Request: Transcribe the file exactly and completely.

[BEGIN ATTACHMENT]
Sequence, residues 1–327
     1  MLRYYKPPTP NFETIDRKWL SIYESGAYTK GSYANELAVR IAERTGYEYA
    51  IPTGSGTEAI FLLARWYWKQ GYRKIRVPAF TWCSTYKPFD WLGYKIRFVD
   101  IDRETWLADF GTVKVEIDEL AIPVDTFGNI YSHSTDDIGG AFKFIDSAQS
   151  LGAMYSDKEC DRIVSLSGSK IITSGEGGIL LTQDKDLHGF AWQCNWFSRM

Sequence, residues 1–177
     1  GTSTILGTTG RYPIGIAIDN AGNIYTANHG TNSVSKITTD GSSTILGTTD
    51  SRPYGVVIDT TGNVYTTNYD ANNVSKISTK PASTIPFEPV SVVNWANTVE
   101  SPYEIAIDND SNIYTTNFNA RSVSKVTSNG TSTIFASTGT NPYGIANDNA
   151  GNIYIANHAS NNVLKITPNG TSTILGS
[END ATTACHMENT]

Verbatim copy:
Sequence, residues 1–327
     1  MLRYYKPPTP NFETIDRKWL SIYESGAYTK GSYANELAVR IAERTGYEYA
    51  IPTGSGTEAI FLLARWYWKQ GYRKIRVPAF TWCSTYKPFD WLGYKIRFVD
   101  IDRETWLADF GTVKVEIDEL AIPVDTFGNI YSHSTDDIGG AFKFIDSAQS
   151  LGAMYSDKEC DRIVSLSGSK IITSGEGGIL LTQDKDLHGF AWQCNWFSRM

Sequence, residues 1–177
     1  GTSTILGTTG RYPIGIAIDN AGNIYTANHG TNSVSKITTD GSSTILGTTD
    51  SRPYGVVIDT TGNVYTTNYD ANNVSKISTK PASTIPFEPV SVVNWANTVE
   101  SPYEIAIDND SNIYTTNFNA RSVSKVTSNG TSTIFASTGT NPYGIANDNA
   151  GNIYIANHAS NNVLKITPNG TSTILGS